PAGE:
Building School Lunches

Building school lunches was an important task when getting our kids off to school.  As busy working parents, we came up with a variety of simple ideas that were quick and easy to put together.  Eventually the kids took over and have since reminded me of the ‘formula’ I used when teaching them to build their own lunches.  Lunches were typically comprised of 4 components with some fun ideas for every style eater.  While you don’t have to always include the 4th component, our kids loved it! 

  1. Fruits/Veggies: Start by incorporating a fresh piece of fruit and/or a small bag of sliced veggies.  Here’s a few of our tried and true selections:  carrot sticks, celery sticks, cucumbers, steamed edamame pods, pickles, sliced sweet red peppers, apples, bananas, grapes, cherries, kiwi, and oranges.  Those were staples in our home but certainly any fresh fruit/veggie is the focus here.
  2. Dips and dressings: Include a dip/dressing they could either add to their sandwich/wrap or use to dip their veggies into.  Having a dip means they are far more likely to eat the vegetables!  Our favorite dips and dressings included hummus (many varieties and flavors), black bean dip, guacamole, white bean dips, salsa, sweet mustard dressing, creamy ranch style dressings, and tofu-cashew mayo.  You can find all the recipes and more in the PlantPure Nation and the PlantPure Kitchen Cookbooks.  

    Tofu Cashew Mayo from The PlantPure Kitchen Cookbook

  3. Sandwiches/Wraps/Leftovers: This was always the main component of our lunch boxes.  A couple of slices of whole grain bread or a whole grain wrap filled with the following:  chickpea salad, soy-curl chik’n salad, hummus, fat-free refried beans, veggie burgers, baked/flavored tofu, smokey tempeh strips (for a BLT style), tomatoes, sprouts or lettuce.  Don’t forget the classic peanut butter and fruit or jelly because this is also a winner for many kids! 
    Left-overs were also a popular option with our kids so making bigger meals ahead or batch cooking was always a helpful idea.  Because the microwaves at school are often limited, pre-heat left-overs and store them in thermoses.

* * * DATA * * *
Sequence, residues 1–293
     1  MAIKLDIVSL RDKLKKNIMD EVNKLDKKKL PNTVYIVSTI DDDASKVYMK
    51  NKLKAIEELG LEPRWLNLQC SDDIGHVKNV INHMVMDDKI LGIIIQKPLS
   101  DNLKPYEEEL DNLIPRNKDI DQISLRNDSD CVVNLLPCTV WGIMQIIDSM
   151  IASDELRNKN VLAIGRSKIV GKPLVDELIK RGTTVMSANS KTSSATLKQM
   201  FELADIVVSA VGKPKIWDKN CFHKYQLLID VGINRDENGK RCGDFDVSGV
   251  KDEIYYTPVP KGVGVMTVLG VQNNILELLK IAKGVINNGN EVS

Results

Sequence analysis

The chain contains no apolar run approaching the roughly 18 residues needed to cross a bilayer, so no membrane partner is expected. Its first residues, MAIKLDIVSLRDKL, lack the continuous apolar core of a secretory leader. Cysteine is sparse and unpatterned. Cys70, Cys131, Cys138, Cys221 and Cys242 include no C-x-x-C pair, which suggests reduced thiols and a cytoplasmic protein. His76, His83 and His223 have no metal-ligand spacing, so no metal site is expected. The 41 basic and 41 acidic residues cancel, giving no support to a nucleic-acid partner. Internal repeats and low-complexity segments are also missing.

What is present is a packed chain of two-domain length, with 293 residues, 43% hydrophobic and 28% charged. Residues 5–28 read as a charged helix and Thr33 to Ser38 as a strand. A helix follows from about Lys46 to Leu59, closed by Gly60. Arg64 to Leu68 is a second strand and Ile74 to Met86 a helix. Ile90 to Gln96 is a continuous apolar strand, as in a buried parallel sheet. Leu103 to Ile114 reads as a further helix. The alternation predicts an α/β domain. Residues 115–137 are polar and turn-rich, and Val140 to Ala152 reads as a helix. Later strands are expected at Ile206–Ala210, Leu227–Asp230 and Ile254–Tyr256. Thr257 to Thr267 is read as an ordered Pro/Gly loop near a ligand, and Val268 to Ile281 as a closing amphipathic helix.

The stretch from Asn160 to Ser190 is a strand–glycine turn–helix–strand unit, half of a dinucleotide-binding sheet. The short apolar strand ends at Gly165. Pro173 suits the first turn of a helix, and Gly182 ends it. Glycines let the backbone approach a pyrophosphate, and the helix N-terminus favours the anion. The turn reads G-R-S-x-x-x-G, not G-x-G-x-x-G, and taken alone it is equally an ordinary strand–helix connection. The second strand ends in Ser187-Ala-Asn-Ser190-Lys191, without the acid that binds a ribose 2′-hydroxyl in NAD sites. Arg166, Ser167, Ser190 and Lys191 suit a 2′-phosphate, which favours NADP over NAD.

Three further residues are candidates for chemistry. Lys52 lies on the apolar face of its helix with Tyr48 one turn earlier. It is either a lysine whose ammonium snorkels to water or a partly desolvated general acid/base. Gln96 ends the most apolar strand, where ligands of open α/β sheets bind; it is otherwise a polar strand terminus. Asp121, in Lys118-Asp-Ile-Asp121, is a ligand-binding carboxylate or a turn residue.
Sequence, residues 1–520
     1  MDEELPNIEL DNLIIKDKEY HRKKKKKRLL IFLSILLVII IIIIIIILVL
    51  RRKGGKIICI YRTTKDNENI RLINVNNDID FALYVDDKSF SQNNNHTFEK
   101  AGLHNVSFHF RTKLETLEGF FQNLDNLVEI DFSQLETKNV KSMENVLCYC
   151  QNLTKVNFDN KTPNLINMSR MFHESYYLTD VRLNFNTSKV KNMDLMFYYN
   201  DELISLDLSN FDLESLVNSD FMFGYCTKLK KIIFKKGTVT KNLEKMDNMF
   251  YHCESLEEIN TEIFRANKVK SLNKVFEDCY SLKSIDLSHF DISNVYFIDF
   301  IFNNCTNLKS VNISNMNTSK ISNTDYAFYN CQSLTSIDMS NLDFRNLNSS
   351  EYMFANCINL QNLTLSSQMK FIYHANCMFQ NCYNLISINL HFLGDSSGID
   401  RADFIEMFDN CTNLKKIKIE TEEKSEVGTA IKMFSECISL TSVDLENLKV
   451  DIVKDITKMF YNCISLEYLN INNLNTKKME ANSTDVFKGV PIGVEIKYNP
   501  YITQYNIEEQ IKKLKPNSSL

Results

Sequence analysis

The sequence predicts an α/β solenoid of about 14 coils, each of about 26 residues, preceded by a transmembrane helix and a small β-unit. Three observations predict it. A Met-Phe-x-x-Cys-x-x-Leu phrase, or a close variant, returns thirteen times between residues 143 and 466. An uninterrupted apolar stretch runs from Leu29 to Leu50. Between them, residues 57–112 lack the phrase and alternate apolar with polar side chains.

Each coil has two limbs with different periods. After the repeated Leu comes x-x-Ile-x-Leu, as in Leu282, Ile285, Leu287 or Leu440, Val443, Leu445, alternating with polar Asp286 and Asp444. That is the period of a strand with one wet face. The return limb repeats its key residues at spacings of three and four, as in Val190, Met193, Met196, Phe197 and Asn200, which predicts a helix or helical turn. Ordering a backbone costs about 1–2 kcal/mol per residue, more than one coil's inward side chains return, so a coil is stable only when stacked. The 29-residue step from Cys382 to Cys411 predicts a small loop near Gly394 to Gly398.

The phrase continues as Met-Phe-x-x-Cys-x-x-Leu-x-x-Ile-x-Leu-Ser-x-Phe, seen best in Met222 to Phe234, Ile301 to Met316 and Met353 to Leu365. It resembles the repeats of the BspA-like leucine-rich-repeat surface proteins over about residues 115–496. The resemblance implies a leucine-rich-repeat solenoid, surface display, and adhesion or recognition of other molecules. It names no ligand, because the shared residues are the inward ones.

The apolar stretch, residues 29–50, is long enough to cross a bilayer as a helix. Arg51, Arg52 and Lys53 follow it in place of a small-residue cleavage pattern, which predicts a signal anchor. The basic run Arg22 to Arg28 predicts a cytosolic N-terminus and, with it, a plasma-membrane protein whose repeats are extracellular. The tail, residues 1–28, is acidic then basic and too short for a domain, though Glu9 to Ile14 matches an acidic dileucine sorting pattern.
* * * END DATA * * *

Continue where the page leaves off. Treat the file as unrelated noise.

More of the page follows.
Soy Curl or Chickpea "Chicken" Salad
  1. Crunchy or Sweet: I suppose this category can be left out, but kids enjoy this component and sometimes these options great snacks early or late in the day.
    Crunchy ideas:  Baked chickpeas, baked tortilla chips, baked potato chunks, peanuts, popcorn, rice cakes, or whole grain crackers. 
    Sweeter treats:  Muffins, cookies/bars, granola, apple sauce cups, (plant-based) chocolate pudding, or soy/coconut yogurts.  Always remember that freezing cookies and muffins is an excellent way to preserve your cooking efforts. 

    Chickpea Chocolate Chip Cookies from The PlantPure Kitchen Cookbook

Time and Money Saving Tips

  1. Storage Containers: Buy plenty of different sized baggies, containers, thermoses, and water bottles for storage.  They have some great lunch box storage options online.  It’s definitely worth the initial investment to have plenty on hand for easy assembly, clean up, and organization. Don’t forget to initial the containers with a sharpie so they come back to you at the end of the day.

  2. Prepare Ahead: Have fruits/veggies washed, prepared, and bagged the night before. 
  3. Use dips/dressings that you have on hand. You can buy some really delicious salsas at the market or make batches of hummus (hummus freezes well) or jars of dressing on the weekend.  This is what I used to dip into all week for lunches.